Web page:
The youth who fought off anti-social elements and encroachers, feel that the institution has now been saved, and should be developed into an ideal school for the area.
By A Staff Writer
If someone visited this school three years ago, he would have written its future off. The impressive building stands on nearly an acre plot of land opposite the KIMS Hospital in the busy Kalasipalyam area of Bengaluru. This Urdu medium school is said to have 1,500 girls on its rolls and 17 teachers a quarter century ago. But the strength had dwindled to a mere 15 in 2013. The impressive Indo-Saracenic edifice had developed cracks from which sprouted trees of all varieties. The powerful institutions around had a prying eye over the property and were approaching the powers that be to sanction the premises to them.
But thanks to the well-meaning youth of the area, it is back to life. The Government Urdu Higher Primary School Kalasipalyam hums with activity today. The strength of the students has gone up to nearly 170 and some activism by an Education Coordinator of the Department of Public Instructions (DPI) has revived its fortunes.
What brought the turnaround? Old residents of the area had witnessed the gradual irrelevance of the school to the community around. English medium schools had mushroomed up in the vicinity and most Muslim families in the area had switched over to them. The language policy of the Government dictated that primary education should be imparted in mother tongue medium in Government Schools, hence the irrelevance. Yet the premises and the grandiose old building”owner’s pride and neighbour’s envy”were urging action from the locals.
It was around 2009 that some youth set up the Hind Citizen Welfare Trust. Old records tracing the history of the school to 1946 showed that the school had been started as a Model school. It imparted coaching from first to seventh standard i.e., a Higher Primary School. According to the Trustees, there are no definite clues as to when it was actually established. It is presumed that the history goes back to at least two more decades.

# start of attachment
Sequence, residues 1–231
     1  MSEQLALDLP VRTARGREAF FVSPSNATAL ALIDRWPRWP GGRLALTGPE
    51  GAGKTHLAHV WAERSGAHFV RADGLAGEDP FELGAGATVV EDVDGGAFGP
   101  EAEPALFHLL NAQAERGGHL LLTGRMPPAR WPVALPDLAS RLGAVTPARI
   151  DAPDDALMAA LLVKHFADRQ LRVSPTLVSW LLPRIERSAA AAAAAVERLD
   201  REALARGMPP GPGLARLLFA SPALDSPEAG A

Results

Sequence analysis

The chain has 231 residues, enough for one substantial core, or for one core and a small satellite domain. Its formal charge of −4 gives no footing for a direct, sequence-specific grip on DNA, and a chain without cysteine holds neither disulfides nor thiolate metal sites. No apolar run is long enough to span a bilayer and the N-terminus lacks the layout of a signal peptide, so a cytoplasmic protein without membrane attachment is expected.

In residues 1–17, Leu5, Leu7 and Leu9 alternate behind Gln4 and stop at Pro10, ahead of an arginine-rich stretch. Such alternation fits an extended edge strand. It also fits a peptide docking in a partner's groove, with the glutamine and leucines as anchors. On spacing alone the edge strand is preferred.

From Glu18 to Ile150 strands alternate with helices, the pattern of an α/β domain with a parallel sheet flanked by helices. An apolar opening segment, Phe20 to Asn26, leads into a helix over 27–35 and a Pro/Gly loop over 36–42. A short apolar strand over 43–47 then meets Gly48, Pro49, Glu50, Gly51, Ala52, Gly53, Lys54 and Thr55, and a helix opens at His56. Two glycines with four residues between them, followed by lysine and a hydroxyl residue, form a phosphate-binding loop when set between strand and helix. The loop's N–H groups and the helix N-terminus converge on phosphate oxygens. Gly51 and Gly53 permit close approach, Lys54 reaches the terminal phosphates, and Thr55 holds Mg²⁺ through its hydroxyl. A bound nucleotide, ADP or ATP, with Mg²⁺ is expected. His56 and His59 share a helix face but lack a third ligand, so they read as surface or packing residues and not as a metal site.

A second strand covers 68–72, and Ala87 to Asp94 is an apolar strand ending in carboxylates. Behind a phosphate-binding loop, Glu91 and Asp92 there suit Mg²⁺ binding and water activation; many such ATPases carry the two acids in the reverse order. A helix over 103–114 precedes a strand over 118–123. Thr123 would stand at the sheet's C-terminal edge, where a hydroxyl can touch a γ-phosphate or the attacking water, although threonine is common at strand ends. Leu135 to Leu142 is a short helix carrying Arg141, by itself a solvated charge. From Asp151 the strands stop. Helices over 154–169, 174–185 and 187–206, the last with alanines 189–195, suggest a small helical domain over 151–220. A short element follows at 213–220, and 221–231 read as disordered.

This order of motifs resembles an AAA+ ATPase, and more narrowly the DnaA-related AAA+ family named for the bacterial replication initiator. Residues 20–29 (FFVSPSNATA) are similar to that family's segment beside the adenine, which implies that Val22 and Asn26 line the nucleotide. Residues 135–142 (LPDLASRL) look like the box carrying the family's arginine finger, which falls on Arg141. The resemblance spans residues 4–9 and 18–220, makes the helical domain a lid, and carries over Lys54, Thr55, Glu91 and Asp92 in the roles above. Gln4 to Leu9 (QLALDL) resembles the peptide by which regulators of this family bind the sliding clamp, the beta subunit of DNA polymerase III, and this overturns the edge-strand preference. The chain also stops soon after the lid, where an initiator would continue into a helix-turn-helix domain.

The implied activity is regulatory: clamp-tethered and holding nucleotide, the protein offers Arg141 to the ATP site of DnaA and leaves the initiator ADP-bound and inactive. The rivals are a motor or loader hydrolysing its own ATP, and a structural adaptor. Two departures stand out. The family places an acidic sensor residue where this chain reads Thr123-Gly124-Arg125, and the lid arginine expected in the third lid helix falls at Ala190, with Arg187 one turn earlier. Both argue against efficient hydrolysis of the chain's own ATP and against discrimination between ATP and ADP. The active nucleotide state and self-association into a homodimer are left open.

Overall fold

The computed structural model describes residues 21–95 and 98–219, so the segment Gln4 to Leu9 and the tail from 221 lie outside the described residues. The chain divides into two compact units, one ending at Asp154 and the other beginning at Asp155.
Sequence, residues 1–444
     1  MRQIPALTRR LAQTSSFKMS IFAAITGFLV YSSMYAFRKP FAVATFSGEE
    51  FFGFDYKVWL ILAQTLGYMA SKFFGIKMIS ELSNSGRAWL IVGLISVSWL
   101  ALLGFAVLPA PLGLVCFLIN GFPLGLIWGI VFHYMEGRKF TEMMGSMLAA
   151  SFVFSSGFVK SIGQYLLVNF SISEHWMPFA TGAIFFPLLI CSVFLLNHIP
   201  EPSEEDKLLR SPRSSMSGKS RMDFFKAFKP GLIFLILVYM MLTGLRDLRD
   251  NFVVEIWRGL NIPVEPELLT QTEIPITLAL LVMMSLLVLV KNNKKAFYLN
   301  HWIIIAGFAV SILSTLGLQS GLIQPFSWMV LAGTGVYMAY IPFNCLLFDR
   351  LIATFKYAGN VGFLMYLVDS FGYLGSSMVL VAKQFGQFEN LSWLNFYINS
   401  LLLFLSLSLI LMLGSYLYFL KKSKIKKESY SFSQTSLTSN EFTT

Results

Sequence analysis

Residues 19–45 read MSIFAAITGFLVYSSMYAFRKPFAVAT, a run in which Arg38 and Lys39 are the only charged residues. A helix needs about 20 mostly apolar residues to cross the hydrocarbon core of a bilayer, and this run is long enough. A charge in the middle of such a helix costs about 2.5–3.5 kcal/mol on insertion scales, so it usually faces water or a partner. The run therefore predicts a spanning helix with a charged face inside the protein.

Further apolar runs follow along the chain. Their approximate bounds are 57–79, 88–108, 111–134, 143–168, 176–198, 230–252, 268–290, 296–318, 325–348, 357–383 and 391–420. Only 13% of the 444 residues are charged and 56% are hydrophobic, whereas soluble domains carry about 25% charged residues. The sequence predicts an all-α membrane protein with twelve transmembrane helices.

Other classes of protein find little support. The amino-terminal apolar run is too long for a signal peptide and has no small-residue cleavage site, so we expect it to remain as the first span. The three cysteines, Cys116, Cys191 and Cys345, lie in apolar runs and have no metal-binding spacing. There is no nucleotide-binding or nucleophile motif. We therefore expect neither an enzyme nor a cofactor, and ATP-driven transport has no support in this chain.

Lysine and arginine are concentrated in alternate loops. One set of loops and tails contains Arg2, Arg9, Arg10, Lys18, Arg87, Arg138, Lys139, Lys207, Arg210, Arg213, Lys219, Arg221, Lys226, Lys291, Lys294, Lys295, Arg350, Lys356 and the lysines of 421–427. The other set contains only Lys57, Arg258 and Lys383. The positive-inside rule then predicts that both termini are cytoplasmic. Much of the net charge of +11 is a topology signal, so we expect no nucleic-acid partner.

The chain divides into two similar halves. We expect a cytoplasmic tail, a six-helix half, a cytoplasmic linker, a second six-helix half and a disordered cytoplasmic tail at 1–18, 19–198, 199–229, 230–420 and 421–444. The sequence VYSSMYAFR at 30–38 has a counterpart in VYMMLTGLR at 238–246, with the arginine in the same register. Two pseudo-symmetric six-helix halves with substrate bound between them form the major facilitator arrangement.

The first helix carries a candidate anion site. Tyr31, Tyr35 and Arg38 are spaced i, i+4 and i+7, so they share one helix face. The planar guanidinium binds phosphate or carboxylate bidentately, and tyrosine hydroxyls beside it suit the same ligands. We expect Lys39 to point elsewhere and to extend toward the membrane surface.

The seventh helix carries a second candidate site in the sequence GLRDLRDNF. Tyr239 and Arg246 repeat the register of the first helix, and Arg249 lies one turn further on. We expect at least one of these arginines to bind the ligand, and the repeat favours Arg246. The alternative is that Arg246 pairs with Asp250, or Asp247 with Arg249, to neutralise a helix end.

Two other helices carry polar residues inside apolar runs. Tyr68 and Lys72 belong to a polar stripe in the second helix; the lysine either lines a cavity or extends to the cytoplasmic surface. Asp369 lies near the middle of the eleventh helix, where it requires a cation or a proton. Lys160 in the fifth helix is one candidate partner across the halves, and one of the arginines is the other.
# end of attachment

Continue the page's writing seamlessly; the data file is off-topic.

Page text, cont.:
Mr. Afsar Pasha, a local youth, took some active interest and gathered some volunteers to blow a new soul into the musty corridors. Aware of the encroachments and threats to bite off even more chunks from its land, they raised pucca compound walls to protect the property. A survey revealed that there were slums at some distance where no schools existed. A kind-hearted business man offered them a mini bus for just Rs. 75,000 in order to ferry kids from those settlements. The massive mortar structure was refurbished by filling cracks, reinforcing the leaky roof with layers of concrete and waterproofing material. They even laid a marble flooring. The civil work itself cost them over Rs. 25 lakh which were raised through donations. They even laid a steel structure for construction of an auditorium behind the main building on the vacant land in order to use the same for indoor games and other events. The task remains unfinished. However, only eight of the 11 rooms could be readied for use as they ran short of funds.
English Coaching Reinforced
Looking at the enthusiasm of the local community, the Educational Coordinator, Sajid Ali too chipped in. A few good teachers were posted in the school by the Department. English language coaching was reinforced. E-learning was introduced and computers were brought in to give the kids, visual experience. The Trust appointed three more teachers and took upon itself their annual salaries. The trust invested Rs. 8 lakh into construction of four toilets each for boys and girls. They also provide uniforms to the students. The Mohsin Shariff Charitable Trust supplies the midday meals.
Shabbir Ahmed, Cluster Resource Person for the School, says the Department is now willing to sanction English medium from 6th standard and onwards which is likely to enhance the school in the estimation of the community. Currently, English is also being taught through remedial, a coaching centre.
An Ideal School
An Urdu Hall with facilities for auditorium and accommodation for delegates is also being constructed in the front portion within the premises at a cost of Rs. 25 lakh. This will offer the children and the staff, facilities for organizing programmes. Afsar says, the immediate task is to complete the hall in the backyard which is meant for holding indoor sports and other such events. The youth who fought off anti-social elements and encroachers, feel that the institution has now been saved, and should be developed into an ideal school for the area as it offers ample space for enhancing the enrolment even to 5,000 students. If the community could help the youth, the place can become a thriving institution providing ideal coaching to thousands of students in the vicinity.
For more details, contact Afsar Pasha of Hind Citizen Welfare Trust-98440-42891, Shabbir Ahmed-99644-06655.